On 15th June will be the first lunar eclipse of 2011. It is a total lunar eclipse which is pretty rare. It occurs when the Earth casts its shadow over the Moon but instead of getting dark, the Moon is still illuminated, thanks to the indirect sunlight which gives it a dramatic shade of red. The 100-minute duration of the eclipse will be the longest since July 2000. According to National Aeronautics and Space Administration (NASA), “The entire event will be seen from the eastern half of Africa, the Middle East, Central Asia and western Australia.”
Lunar eclipses can only occur at full moon, that time when the moon is directly opposite Earth in relation to the sun. Now you maybe wondering why don’t lunar eclipse occur on every full moon. It is because eclipses are relatively rare. The plane in which the moon orbits around Earth is tilted 5 degrees compared to the plane of Earth that travels around the sun, a plane that astronomers call the ecliptic. When the moon gets into the ecliptic during its full phase, then a lunar eclipse occurs.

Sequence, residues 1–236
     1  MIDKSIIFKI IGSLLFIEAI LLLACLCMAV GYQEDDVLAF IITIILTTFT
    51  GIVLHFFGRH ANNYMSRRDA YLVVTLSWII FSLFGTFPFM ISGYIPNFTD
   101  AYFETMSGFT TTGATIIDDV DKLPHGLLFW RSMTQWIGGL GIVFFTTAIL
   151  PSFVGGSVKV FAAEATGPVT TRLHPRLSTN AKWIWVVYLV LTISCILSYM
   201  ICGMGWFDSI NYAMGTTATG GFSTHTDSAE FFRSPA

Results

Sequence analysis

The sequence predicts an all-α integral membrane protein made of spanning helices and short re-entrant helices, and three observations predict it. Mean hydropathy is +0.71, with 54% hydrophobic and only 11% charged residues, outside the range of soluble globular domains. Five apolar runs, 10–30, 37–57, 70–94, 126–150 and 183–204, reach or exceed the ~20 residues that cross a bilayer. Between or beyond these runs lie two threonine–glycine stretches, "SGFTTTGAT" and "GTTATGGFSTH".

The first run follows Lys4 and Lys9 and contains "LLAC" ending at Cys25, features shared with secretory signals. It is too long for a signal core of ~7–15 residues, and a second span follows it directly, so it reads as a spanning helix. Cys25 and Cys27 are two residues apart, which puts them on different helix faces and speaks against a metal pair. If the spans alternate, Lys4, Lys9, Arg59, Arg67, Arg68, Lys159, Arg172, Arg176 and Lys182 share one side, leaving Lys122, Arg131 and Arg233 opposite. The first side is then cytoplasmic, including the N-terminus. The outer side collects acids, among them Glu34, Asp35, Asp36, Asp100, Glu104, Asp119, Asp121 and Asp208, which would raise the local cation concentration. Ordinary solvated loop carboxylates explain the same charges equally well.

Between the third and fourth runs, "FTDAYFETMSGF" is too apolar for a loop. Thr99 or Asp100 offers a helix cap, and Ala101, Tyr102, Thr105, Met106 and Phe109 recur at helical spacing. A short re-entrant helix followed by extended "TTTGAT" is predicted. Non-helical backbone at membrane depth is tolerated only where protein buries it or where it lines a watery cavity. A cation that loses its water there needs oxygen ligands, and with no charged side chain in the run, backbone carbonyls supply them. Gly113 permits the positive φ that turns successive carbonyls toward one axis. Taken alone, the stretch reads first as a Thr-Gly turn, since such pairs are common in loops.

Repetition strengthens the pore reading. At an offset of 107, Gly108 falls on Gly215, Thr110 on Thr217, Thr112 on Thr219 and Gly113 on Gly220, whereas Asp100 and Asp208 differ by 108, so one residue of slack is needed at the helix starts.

The following diagram illustrates a lunar eclipse and its types:
The myths and significance of lunar eclipse vary. According to science, it is just a coincidence of cycles. “It’s quite rare, but there’s no profound significance. It’s luck of the draw; you got dealt four aces,” believes Robert Dick, an astronomy instructor at Carleton. However, for many, it is an unusual time.
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